9. >Assuming I understood you right and you would factor in all tiles along the line drawn by the
> heuristic, this would give a heuristic value of 9 when the actual cost is closer to 3.8.

The heuristic can be independent of the tile costs, it just has to be some conservative estimate. If you use city block distance for example, you will estimate the cost (h) of A->right to T as 2, A->up to T as 4, and A->down to T as 4. Then, the actual cost of your next step is cost(A->move) + h(A).

Assuming it cost us 0 to get to A so far, the estimate for going right is (5+2) = 7, and for going up or down is (1 + 4) = 5. So the long path is ruled out immediately. In the next step we'll rule out the bottom path in the same way and A* will find the top, least-cost path.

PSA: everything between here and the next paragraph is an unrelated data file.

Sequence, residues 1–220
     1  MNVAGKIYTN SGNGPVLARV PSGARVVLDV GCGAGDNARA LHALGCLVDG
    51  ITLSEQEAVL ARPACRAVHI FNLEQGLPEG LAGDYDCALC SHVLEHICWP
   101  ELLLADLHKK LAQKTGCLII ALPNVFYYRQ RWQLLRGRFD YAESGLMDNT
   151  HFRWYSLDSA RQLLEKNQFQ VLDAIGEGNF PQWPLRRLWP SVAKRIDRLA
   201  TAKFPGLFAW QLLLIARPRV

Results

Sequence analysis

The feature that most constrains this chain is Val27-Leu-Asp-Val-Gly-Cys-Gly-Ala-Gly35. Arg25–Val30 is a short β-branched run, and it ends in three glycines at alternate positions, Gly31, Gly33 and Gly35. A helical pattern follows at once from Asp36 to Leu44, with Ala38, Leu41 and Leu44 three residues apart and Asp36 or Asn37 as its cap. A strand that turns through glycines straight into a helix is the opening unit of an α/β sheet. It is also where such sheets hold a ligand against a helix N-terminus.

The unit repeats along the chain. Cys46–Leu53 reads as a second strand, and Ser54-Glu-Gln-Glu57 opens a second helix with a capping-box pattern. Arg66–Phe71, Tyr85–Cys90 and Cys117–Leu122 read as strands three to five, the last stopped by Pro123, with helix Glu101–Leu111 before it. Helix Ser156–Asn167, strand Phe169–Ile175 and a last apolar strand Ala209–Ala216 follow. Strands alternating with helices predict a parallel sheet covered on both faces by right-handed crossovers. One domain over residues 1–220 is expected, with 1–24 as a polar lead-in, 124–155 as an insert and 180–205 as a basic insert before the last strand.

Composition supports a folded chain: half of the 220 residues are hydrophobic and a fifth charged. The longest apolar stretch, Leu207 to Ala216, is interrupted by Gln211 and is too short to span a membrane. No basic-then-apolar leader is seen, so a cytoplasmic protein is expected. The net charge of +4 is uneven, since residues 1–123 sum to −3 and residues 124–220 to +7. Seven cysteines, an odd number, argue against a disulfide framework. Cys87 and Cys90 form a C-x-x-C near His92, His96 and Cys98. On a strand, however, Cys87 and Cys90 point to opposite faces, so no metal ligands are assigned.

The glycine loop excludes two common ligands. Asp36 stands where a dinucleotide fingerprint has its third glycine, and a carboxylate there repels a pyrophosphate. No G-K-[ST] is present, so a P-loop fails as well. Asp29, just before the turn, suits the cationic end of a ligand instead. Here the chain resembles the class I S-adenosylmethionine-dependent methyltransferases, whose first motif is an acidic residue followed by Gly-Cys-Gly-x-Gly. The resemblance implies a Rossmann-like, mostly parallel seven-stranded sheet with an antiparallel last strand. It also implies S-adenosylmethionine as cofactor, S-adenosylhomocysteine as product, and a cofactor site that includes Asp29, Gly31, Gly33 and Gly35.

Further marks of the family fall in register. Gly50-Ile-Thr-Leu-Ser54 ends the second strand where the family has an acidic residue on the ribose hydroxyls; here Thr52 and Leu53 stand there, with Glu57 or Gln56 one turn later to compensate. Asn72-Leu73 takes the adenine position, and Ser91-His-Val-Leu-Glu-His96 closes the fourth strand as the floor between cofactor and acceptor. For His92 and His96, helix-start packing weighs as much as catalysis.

10. Sorry, I explained that example incorrectly. 'A' was meant to refer to a tile checked from an adjacent tile, not a position from which the surrounding tiles would be checked. Also I said there would be a heuristic of 9 when it should be 11 o_0.

Anyway since the heuristic for A would then be high that node may not be as high up on the list as it ought to be. Hope that makes sense.

11. >Also I said there would be a heuristic of 9 when it should be 11 o_0.

If the heuristic from A to T returns anything higher than 5, than it is not an admissible heuristic. The city block heuristic from A to T would be 3.

12. Yeah I guess that by using the base move cost for a tile you would never overestimate the heuristic, but the pathfinding would be a lot slower.